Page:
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348 pages, Kindle Edition
First published September 1, 1943
"I can't live in this house any longer," she whispered. "I just can't!" Her voice was faint and floating, like a trailing tendril of dust.
In China, as elsewhere, the constraints imposed by the traditional moral code were originally constructed for the benefit of women: they made beautiful women even harder to obtain, so their value rose, and ugly women were spared the prospect of never-ending humiliation. Women nowadays don't have this kind of protective buffer, especially not mixed-blood girls, whose status is entirely undefined.I love Pearl S. Buck, I really do, but the way her written legacy interfered with that of Eileen Chang's is a tragedy. Readers introduced through the Nobel Prize Winner to China would expect exacting honor, high drama, sultry romance, any other conjunction of the profligating misnomer known as the 'East'; even more absurd a concept when said readers are US bound and must look to the west for their fill of fiction. They would not have been satisfied with these short and biting works, bred on an entirely different culture with strains more akin to Fitzgerald and O'Connor than anything the historical fiction trends of the States could conjure up. And so we left yet another author to their own devices, till when dead and gone we could sift through and lift up their works in as fitting a posthumous manner as we please.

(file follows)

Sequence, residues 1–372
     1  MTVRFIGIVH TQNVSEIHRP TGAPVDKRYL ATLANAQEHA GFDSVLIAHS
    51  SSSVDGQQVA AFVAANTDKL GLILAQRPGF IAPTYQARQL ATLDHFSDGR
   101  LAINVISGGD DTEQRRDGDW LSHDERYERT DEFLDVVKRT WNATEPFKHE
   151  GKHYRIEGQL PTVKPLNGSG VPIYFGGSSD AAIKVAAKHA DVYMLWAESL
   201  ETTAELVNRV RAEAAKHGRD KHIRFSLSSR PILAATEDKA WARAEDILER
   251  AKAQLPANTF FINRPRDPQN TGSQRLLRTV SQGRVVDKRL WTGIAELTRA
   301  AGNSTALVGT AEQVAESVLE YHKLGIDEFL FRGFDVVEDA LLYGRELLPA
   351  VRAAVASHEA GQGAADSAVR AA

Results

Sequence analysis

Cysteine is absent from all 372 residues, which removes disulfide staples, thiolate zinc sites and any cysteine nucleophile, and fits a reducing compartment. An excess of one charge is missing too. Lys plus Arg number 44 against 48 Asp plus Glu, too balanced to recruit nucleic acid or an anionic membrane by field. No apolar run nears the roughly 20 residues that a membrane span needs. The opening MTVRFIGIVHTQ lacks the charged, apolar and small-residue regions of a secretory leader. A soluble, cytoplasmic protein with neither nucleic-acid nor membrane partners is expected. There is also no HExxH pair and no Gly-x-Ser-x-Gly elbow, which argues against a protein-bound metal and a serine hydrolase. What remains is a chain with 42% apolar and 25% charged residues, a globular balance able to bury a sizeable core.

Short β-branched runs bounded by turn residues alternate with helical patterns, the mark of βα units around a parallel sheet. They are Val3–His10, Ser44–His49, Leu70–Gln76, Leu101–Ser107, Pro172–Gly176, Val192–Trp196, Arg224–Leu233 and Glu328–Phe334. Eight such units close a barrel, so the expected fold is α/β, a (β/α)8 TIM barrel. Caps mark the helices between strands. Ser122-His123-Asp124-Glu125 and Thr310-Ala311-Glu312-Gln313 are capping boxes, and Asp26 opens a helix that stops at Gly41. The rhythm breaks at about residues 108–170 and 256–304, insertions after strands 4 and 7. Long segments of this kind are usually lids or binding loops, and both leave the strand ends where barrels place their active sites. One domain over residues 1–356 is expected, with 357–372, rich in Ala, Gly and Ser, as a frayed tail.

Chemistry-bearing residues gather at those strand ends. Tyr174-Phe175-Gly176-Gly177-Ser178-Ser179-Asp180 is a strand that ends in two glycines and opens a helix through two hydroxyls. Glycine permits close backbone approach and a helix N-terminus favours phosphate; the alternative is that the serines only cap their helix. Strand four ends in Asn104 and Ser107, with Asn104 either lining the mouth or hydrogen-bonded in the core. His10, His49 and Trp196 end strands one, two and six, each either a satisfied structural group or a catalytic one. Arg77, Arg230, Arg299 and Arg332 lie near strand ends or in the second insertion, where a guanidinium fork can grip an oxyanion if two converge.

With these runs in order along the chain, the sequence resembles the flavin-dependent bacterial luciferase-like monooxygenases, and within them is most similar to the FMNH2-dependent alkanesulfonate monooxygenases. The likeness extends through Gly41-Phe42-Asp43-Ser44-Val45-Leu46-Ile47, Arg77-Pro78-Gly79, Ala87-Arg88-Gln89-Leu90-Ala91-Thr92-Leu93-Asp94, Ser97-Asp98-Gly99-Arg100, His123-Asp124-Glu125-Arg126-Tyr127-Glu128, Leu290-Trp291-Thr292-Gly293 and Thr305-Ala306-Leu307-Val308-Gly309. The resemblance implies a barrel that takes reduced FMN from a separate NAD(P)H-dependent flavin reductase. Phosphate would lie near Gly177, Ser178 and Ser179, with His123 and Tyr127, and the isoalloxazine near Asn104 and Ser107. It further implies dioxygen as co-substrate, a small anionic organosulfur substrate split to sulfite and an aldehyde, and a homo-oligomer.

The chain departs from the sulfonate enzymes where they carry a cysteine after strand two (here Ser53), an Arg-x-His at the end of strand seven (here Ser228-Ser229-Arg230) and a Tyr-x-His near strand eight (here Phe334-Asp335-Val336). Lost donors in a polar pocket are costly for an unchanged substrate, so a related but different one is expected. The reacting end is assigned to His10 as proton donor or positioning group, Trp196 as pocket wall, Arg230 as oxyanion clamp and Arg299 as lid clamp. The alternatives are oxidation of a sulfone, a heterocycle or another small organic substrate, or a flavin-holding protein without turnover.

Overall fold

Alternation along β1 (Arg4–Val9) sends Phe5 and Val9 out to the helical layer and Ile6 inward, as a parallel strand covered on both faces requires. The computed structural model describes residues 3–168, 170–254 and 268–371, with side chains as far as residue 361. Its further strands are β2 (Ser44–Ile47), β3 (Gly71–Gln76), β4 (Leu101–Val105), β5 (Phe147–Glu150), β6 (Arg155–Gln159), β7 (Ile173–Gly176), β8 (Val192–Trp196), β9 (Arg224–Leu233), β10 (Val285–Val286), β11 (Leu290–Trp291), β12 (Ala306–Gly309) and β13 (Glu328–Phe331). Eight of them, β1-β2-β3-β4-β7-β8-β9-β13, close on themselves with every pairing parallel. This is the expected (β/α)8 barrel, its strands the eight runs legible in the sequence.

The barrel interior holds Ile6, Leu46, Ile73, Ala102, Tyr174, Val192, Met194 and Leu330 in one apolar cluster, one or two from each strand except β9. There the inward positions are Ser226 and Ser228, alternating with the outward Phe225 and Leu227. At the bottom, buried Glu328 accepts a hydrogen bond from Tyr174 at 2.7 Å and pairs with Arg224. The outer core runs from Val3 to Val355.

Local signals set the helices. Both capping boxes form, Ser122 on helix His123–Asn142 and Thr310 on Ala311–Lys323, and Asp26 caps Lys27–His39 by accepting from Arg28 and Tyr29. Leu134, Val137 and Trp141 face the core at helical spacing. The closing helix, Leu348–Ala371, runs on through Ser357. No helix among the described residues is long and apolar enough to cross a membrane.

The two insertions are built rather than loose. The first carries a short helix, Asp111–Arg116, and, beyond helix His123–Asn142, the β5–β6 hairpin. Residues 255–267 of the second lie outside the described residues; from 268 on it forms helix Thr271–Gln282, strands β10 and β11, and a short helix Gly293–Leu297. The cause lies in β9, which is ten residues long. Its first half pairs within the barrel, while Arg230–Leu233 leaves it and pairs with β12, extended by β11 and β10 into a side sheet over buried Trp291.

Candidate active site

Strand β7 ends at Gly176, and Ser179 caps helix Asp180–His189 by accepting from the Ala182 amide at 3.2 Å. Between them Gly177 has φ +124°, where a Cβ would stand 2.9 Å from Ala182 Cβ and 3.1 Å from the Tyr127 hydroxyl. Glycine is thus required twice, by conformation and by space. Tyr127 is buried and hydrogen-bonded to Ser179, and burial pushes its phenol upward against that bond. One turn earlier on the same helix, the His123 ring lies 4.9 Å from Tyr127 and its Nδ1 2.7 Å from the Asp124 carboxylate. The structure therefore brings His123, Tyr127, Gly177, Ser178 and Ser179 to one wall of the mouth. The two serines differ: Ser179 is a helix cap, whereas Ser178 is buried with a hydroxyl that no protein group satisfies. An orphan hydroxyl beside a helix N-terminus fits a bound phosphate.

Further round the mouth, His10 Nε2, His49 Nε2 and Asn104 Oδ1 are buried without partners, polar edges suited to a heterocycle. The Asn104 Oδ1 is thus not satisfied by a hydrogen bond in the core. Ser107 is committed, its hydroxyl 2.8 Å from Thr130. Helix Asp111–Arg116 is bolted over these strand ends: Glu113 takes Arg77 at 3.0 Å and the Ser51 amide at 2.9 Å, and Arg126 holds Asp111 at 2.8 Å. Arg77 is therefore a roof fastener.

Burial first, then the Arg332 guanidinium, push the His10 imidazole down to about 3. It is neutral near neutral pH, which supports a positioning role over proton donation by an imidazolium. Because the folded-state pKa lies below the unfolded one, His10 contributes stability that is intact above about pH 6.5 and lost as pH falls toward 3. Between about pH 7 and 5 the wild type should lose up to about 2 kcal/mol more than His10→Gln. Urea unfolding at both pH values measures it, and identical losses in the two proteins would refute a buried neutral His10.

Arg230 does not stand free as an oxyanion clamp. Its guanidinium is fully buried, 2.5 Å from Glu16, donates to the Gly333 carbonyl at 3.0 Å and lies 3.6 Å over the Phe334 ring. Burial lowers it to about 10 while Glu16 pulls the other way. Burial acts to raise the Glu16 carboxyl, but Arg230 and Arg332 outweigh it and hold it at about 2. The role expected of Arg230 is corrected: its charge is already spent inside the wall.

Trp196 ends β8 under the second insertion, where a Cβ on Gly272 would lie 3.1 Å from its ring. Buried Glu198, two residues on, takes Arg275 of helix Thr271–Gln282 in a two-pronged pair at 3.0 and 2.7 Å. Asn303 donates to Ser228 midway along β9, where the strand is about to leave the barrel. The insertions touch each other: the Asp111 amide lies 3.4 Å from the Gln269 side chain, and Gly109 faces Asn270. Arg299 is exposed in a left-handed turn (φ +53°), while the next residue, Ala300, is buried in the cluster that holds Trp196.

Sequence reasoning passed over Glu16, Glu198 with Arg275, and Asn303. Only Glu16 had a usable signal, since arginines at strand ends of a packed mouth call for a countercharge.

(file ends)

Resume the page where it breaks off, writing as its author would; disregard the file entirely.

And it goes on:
The white Liang mansion was melting viscously into the white mist, leaving only the greenish gleam of the lamplight shining through square after square of the green windowpanes, like ice cubes in peppermint schnapps. When the fog thickened, the ice cubes dissolved, and the lights went out.Keep an eye on that NYRB cover, Ah Xian's China, China: Bust 34 in profile. It conveys the book better than I ever could.
Upon the translucent blue silk umbrella myriad raindrops twinkled blue like a skyful of stars that would follow them about later on the taxi's glistening front window of crushed silver and, as the car ran through red and green lights, a nestful of red stars would fly humming outside the window and a nestful of green stars.
(p224, The Golden Cangue)
"Hong Kong's defeat had brought Liusu victory. But in this unreasonable world, who can distinguish cause from effect? Who knows which is which? Did a great city fall so that she could be vindicated? Countless thousands of people dead, countless thousands of people suffering ... Liusu didn't feel there was anything subtle about her place in history. She stood up, smiling, and kicked the pan of mosquito-repellant incense under the table.
Those legendary beauties who felled cities and kingdoms were probably all like that."